Classic usage sharing of Perl file reading

Time:2022-4-26

Open the file with the open() function

Common methods of opening files are:
 

Copy codeThe code is as follows:

open(FH, “< $filename”)
or die “Couldn’t open $filename for reading: $!”;

 

The open() function usually takes two parameters. The first parameter is the file handle, which is used to point to the open file. The second parameter is a mixture of the file name and mode (the opening mode of the file). If the file is successfully opened, the open() function returns true, otherwise it is false. We use “or” to test this condition.

The pattern in the above code is represented by the less than character (<). If the file does not exist, open () returns false. At this point, you can read the file handle, but not write.

Greater than characters indicate write. If the file does not exist, it will be created. If the file exists, the file is cleared and previous data will be lost. You can write file handles, but not read them.
 

Copy codeThe code is as follows:

#If the file does not exist, create it
open(FH, “> $filename”)
or die “Couldn’t open $filename for writing: $!”;

 

If the file does not exist, the add mode (represented by two greater than symbols) can be used to create a new file. If the file exists, the mode will not clear the original data.

Like < “or” read “mode, you can only write to file handles. (all writes are added to the end of the file). An attempt to read will result in a run error.
 

Copy codeThe code is as follows:

open(FH, “>> $filename”)
or die “Couldn’t open $filename for appending: $!”;

 

With “+ <” mode, you can read and write files. You can move inside the file through the tell() function and locate it through the seek() function. If the file does not exist, it will be created. If the file already exists, the original data will not be cleared.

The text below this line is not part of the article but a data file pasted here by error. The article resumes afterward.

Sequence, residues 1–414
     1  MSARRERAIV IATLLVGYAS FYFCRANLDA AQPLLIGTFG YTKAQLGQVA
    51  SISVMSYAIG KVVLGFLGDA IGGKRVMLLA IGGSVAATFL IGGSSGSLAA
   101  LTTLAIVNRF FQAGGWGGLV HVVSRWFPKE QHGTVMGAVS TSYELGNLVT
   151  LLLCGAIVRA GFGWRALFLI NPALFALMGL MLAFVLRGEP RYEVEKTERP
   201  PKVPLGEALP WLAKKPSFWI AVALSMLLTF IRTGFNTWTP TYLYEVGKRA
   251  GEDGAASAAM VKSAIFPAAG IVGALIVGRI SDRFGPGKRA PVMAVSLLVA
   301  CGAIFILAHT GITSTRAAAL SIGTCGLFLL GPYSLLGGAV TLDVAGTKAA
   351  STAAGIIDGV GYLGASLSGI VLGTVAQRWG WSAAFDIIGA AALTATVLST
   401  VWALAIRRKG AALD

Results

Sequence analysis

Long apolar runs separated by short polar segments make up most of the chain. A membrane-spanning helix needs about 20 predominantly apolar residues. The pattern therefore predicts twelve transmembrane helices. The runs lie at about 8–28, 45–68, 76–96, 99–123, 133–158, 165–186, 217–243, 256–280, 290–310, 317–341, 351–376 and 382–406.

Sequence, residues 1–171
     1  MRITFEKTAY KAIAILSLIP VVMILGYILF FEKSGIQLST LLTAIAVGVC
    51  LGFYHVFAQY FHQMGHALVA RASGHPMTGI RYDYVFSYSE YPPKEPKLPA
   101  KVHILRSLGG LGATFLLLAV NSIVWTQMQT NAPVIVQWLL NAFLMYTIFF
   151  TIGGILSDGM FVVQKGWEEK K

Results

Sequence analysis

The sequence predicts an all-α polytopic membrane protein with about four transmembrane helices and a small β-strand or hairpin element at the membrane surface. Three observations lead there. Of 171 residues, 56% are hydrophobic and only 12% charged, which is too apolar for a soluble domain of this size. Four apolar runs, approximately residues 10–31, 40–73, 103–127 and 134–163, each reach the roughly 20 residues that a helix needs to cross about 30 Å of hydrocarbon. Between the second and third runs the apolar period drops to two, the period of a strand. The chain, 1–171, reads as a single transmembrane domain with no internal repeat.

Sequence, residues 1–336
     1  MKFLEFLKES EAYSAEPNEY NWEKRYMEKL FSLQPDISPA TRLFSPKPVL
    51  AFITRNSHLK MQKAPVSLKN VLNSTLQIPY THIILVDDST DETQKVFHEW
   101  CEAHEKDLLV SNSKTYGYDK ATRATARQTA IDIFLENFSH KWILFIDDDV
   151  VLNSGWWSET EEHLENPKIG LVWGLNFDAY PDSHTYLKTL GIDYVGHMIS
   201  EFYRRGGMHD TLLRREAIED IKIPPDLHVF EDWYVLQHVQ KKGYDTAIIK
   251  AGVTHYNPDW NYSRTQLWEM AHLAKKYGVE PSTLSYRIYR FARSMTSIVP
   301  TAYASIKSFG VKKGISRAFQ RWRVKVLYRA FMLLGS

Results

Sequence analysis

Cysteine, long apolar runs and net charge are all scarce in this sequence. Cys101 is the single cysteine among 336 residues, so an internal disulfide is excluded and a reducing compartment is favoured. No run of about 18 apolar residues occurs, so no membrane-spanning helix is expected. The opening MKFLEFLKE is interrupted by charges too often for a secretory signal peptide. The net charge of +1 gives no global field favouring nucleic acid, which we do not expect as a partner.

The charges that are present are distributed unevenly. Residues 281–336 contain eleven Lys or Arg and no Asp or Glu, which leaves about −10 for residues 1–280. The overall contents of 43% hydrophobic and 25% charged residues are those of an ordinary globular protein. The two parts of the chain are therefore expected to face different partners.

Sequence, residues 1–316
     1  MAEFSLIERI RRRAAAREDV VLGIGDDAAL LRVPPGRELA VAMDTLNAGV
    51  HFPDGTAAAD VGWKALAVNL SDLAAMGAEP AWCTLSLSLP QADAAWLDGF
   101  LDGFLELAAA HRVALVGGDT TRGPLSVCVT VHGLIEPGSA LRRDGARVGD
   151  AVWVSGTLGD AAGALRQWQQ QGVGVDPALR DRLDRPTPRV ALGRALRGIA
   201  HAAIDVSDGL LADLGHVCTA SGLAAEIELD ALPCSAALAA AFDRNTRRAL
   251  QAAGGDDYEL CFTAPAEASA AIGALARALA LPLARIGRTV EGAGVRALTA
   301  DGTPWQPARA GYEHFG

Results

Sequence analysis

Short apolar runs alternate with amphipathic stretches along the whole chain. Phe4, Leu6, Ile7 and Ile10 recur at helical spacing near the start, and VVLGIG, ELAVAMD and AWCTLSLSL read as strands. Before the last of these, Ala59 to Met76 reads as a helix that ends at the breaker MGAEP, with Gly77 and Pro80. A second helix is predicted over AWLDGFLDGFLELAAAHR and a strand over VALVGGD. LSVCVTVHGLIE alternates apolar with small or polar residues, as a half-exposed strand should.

If you plan to clear the contents of the original file, either call the truncate() function yourself, or use the “+ >” mode.
 

Copy codeThe code is as follows:

open(FH, “+> $filename”)
or die “Couldn’t open $filename for reading and writing: $!”;

 

Note the difference between “+ <” and “+ >”, both of which can be read and written. The former is non-destructive and the latter is destructive.

error

How did the error occur? Errors can occur in many places: for example, the directory does not exist, the file cannot be written, your program loses the file handle, and so on.

You should check the results of the system call (such as open() and sysopen()) to see if the call is successful.

In order to help users check errors, “or die()” is usually used. You should remember these usages. First, write out the information of system call failure (“open”). Secondly, the file name information should be written out to make it easier to locate when correcting errors. Third, write out the way to open the file (“for writing,” “for appending”). Fourth, output the error information of the operating system (included in $!). In this way, if a file cannot be opened, users using your program will generally know why it cannot be opened. Sometimes we combine the first and third:
or die “unable to append to $filename: $!”;

If you write the full name of the file in both open () and the error message, you risk changing open (), making the error message inappropriate or incorrect.
 

Copy codeThe code is as follows:

#A false error message will appear below
open(FH, “</var/run/file.pid”)
or die “Can’t open /var/log/file.pod for writing : $!”;

 

More control with sysopen()
To better control how files are opened, you can use the sysopen() function:
 

Copy codeThe code is as follows:

use Fcntl;
sysopen(FH, $filename, O_RDWR|O_CREAT, 0666)
or die “Can’t open $filename for reading/writing/creating : $!”;

 

The function sysopen() has four parameters. The first parameter is a file handle parameter similar to the open() function. The second parameter is a file name without mode information. The third parameter is a mode parameter, which is composed of constants combined by logical or operation provided by fcntl module. The fourth parameter (optional) is octal attribute value (0666 represents data file and 0777 represents program). Sysopen() returns true if the file can be opened, and false if the opening fails.

Unlike the open () function, sysopen () does not provide a short form of mode description, but combines some constants. Moreover, each mode constant has a unique meaning. They can be combined only through logical or operation. You can set the combination of multiple behaviors.

O_RDONLYRead-only
O_WRONLY Write-only
O_RDWR Reading and writing
O_APPEND Writes go to the end of the file
O_TRUNC Truncate the file if it existed
O_CREAT Create the file if it didn’t exist
O_EXCLError if the file already existed (used with O_CREAT)

When you need to be careful, use the sysopen() function. For example, if you plan to add content to a file, if the file does not exist and a new file is not created, you can write:
 

Copy codeThe code is as follows:

sysopen(LOG, “/var/log/myprog.log”, O_APPEND, 0666)
or die “Can’t open /var/log/myprog.log for appending: $!”;